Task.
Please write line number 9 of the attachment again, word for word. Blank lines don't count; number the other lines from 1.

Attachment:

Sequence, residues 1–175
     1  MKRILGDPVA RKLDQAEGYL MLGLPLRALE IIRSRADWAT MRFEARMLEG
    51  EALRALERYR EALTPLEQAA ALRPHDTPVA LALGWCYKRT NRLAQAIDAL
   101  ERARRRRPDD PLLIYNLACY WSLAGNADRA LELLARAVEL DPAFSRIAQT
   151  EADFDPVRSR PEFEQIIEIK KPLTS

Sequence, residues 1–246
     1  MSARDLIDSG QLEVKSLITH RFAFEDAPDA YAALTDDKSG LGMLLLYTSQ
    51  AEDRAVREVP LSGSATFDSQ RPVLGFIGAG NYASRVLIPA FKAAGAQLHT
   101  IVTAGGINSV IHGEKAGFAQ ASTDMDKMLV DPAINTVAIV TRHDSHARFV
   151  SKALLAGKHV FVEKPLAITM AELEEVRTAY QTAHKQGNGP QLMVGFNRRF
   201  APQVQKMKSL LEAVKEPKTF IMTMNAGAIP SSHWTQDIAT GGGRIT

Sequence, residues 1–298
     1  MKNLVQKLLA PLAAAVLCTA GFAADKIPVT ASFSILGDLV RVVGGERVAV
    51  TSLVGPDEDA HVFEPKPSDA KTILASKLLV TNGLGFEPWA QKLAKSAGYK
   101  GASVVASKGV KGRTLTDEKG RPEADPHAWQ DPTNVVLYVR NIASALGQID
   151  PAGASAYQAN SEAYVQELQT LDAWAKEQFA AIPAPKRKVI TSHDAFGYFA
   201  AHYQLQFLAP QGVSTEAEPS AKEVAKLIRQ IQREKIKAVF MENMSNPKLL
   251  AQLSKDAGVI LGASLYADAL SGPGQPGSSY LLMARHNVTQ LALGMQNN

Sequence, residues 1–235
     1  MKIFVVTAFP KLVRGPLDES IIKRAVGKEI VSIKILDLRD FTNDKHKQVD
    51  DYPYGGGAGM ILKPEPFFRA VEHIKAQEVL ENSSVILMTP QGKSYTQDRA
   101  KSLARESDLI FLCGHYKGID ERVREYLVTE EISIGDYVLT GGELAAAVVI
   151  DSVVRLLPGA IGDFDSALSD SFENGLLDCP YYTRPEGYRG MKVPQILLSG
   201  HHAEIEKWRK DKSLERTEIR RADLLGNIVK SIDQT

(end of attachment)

   101  IVTAGGINSV IHGEKAGFAQ ASTDMDKMLV DPAINTVAIV TRHDSHARFV